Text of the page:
Days before President Obama took office, hate radio talker Rush Limbaugh, the de-facto leader of the Republican Party, summed up his desired outcome for the Obama presidency in four words: "I hope Obama fails." Just days after he uttered that statement, Limbaugh told his audience, "There's one thing we gotta stop is health care. I'm serious, now. If they get that, then that's the tipping point." Nearly eight month's later, the right wing's approach to health care reform remains guided by Limbaugh's vision -- they simply hope it fails. And so the conservative movement is increasingly banking on a political strategy of opposing health care in the hopes that it will help resurrect the political fortunes of the struggling Republican Party. During a recent appearance on right-wing radio show, Sen. Jim Inhofe (R-OK) bluntly stated that defeating Obama's health care agenda is "going to be a huge gain for those of us who want to turn this thing over in the 2010 election." In a separate radio appearance, Inhofe -- speaking for the right wing -- explained, "We are plotting the demise on a week by week basis of where Bill Clinton was in 1993 and where Obama is today and his demise ratio is greater than Clinton's was in 1993."
BATTLE OF WATERLOO: Speaking on a conference call with "tea party" activists, Sen. Jim DeMint (R-SC) let slip why he hopes that health reform fails: "If we're able to stop Obama on this it will be his Waterloo. It will break him." Sen. George Voinovich (R-OH) half-admitted the truth about conservative opposition to health reform, telling CNBC that the balance between opponents' desire to express disagreement with the President and their desire to exploit a failed bill for political gain is "probably 50-50." Yet even as conservatives plot to leave tens of millions of Americans without health care in order to score political points on Obama, they refuse to release a single new idea to address the health care crisis. Rep. Roy Blunt (R-MO), head of the "House GOP Health Care Solutions Group," at first announced that his group would not be releasing a health care plan because they believe doing so would be a waste of time, only to have Minority Leader John Boehner (R-OH) follow up that statement by saying that Republicans will have an alternative healthcare reform bill to offer, "but [he] did not say when it would be ready." For his part, DeMint introduced a bill which appears to be plagiarized from the McCain-Palin health plan that voters soundly rejected last November.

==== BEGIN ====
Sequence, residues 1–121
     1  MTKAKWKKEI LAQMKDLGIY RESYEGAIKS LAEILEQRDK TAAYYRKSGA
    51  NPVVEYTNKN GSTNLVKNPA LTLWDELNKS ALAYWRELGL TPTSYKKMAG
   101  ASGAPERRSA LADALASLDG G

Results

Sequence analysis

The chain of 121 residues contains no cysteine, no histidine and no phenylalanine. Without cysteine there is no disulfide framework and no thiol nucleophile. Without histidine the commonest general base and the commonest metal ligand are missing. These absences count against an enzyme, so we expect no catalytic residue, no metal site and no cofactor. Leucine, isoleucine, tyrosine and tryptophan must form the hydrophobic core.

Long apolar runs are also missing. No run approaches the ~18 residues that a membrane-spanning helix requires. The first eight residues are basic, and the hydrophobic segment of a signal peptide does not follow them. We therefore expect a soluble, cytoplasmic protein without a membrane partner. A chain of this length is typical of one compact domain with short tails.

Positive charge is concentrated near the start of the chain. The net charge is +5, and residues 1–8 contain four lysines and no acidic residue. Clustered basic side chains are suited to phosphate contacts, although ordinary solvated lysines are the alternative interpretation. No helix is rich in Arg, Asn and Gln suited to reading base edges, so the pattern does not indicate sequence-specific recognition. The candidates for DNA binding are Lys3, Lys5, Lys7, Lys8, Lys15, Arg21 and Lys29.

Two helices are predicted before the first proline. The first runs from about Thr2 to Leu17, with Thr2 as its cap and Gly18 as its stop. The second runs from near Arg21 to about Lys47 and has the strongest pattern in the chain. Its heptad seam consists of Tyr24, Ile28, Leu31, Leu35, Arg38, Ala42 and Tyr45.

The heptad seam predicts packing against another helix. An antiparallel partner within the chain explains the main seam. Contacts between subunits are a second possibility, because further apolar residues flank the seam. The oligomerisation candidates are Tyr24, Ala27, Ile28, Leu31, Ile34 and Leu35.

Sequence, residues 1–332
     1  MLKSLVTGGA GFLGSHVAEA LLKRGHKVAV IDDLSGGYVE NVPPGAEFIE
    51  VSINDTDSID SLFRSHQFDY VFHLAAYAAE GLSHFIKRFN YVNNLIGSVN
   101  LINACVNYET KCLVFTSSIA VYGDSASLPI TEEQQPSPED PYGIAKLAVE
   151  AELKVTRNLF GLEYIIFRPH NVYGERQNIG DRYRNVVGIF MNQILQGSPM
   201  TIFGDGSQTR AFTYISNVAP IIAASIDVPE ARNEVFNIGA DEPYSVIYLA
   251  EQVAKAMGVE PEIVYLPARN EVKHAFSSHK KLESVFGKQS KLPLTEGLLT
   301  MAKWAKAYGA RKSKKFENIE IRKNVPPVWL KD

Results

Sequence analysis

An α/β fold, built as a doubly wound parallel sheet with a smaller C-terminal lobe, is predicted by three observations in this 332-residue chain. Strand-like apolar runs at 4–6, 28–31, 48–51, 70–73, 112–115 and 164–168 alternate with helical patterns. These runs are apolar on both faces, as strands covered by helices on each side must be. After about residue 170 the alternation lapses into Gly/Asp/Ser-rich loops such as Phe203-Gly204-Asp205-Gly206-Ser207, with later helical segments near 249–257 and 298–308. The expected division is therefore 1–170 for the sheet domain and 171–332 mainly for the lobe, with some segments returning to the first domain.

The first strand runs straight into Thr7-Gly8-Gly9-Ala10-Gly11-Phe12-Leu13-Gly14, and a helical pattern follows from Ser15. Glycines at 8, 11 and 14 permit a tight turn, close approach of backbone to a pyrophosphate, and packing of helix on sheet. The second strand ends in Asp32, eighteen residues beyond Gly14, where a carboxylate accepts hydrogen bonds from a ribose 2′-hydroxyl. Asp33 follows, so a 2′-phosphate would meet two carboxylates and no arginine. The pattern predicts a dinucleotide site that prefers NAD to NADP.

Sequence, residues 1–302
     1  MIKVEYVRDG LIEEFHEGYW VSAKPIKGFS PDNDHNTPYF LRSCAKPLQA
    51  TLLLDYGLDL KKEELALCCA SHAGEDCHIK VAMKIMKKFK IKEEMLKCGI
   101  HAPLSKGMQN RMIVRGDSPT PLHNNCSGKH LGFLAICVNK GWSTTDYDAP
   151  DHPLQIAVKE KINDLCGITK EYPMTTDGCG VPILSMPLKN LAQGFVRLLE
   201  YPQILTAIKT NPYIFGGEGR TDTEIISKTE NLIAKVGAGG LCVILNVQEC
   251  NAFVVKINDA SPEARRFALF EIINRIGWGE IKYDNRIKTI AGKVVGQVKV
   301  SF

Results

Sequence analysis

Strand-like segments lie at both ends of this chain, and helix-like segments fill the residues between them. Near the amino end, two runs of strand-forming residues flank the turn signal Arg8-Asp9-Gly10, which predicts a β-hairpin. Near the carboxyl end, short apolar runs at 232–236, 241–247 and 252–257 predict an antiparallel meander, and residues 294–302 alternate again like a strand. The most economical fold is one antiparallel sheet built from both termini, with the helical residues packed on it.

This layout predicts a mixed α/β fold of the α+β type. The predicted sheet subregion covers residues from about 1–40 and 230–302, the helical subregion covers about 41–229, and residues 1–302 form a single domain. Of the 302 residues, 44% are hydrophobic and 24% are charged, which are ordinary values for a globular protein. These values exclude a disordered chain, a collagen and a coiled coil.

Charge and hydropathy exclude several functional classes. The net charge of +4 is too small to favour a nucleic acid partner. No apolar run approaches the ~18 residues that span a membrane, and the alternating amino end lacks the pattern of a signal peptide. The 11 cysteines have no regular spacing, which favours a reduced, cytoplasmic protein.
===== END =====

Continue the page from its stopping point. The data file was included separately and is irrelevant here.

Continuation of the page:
BACK TO THE FUTURE: DeMint is not the only conservative recycling old playbooks in the hopes of breaking Obama. Former House Speaker Newt Gingrich (R-GA), who knows something about exploiting a failed health care bill for electoral gain, endorsed DeMint's "Waterloo" statement, proclaiming that "this could be the bill that drags [Obama's] whole presidency down." During the Clinton-era health care debate in the '90s, right-wing strategist Bill Kristol urged conservative lawmakers "to defeat any Democratic health reform bill" as a political strategy to "send them to voters empty-handed" in 1994. Sixteen years later, Kristol is offering the same advice, urging conservatives to "[r]esist the temptation" to compromise and "[g]o for the kill." Much of the right's substantive rhetoric is also plagiarized from past efforts to kill health care reform. Nearly fifty years ago, when members of Congress first proposed the bill that became Medicare,opponents of reform distributed a recording called "Ronald Reagan Speaks Out Against Socialized Medicine." Similarly, conservatives created a disingenuously complex chart of the Clinton health plan to defeat reform fifteen years ago. Unsurprisingly, conservatives are now waving a similarly fabricated chart in an effort to discredit Obama's plan.
SILENCING DISSENT: Despite the right's tightly-controlled strategy to place political gain ahead of the American people's health, some cracks are starting to form in their coalition. Most importantly, Sen. Chuck Grassley (R-IA) distanced himself from Kristol's advice to "go for the kill," worrying that "there have been some Republicans who haven't been looking at the polls." Specifically, Grassley referred to a poll showing that if health reform fails, "voters would assign blame 30 percent to the health industry, 22 to Republicans, 11 percent to Democrats and only 4 percent to Obama." Despite his insight, however, Grassley is "under immense pressure from Republican colleagues not to deal at all," and he has agreed to brief his entire caucus before agreeing to compromise with supporters of health care reform. In addition, Grassley apparently informed Senate Finance Committee Chairman Max Baucus (D-MT) that he "cannot sign on to a bill if it is supported by only one other Republican." In other words, the nation's health and the health of the economy will rest, not on the needs of the American people, but on whether conservatives instead decide that they care more about their own selfish desire to see Obama fail.
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